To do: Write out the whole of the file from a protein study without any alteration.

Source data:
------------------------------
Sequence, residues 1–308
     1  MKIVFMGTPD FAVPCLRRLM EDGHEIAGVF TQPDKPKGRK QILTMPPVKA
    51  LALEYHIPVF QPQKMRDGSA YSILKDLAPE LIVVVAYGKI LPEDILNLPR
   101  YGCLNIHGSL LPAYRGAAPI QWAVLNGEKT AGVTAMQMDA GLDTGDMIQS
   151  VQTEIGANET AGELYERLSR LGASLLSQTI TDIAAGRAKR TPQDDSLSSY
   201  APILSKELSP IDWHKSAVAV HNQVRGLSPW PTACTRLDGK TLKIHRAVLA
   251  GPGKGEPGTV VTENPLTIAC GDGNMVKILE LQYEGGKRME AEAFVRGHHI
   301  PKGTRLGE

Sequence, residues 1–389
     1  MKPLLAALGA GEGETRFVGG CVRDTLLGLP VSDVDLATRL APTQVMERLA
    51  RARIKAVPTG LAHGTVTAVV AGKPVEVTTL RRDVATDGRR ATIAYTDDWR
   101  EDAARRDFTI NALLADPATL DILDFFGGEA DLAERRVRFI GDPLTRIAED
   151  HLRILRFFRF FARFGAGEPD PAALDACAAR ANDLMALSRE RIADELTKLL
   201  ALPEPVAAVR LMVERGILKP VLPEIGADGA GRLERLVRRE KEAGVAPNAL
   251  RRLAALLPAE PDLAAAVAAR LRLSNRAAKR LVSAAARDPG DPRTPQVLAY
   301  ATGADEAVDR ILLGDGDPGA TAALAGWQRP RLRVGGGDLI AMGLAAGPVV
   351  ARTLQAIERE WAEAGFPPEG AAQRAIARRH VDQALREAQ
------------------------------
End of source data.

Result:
Sequence, residues 1–308
     1  MKIVFMGTPD FAVPCLRRLM EDGHEIAGVF TQPDKPKGRK QILTMPPVKA
    51  LALEYHIPVF QPQKMRDGSA YSILKDLAPE LIVVVAYGKI LPEDILNLPR
   101  YGCLNIHGSL LPAYRGAAPI QWAVLNGEKT AGVTAMQMDA GLDTGDMIQS
   151  VQTEIGANET AGELYERLSR LGASLLSQTI TDIAAGRAKR TPQDDSLSSY
   201  APILSKELSP IDWHKSAVAV HNQVRGLSPW PTACTRLDGK TLKIHRAVLA
   251  GPGKGEPGTV VTENPLTIAC GDGNMVKILE LQYEGGKRME AEAFVRGHHI
   301  PKGTRLGE

Sequence, residues 1–389
     1  MKPLLAALGA GEGETRFVGG CVRDTLLGLP VSDVDLATRL APTQVMERLA
    51  RARIKAVPTG LAHGTVTAVV AGKPVEVTTL RRDVATDGRR ATIAYTDDWR
   101  EDAARRDFTI NALLADPATL DILDFFGGEA DLAERRVRFI GDPLTRIAED
   151  HLRILRFFRF FARFGAGEPD PAALDACAAR ANDLMALSRE RIADELTKLL
   201  ALPEPVAAVR LMVERGILKP VLPEIGADGA GRLERLVRRE KEAGVAPNAL
   251  RRLAALLPAE PDLAAAVAAR LRLSNRAAKR LVSAAARDPG DPRTPQVLAY
   301  ATGADEAVDR ILLGDGDPGA TAALAGWQRP RLRVGGGDLI AMGLAAGPVV
   351  ARTLQAIERE WAEAGFPPEG AAQRAIARRH VDQALREAQ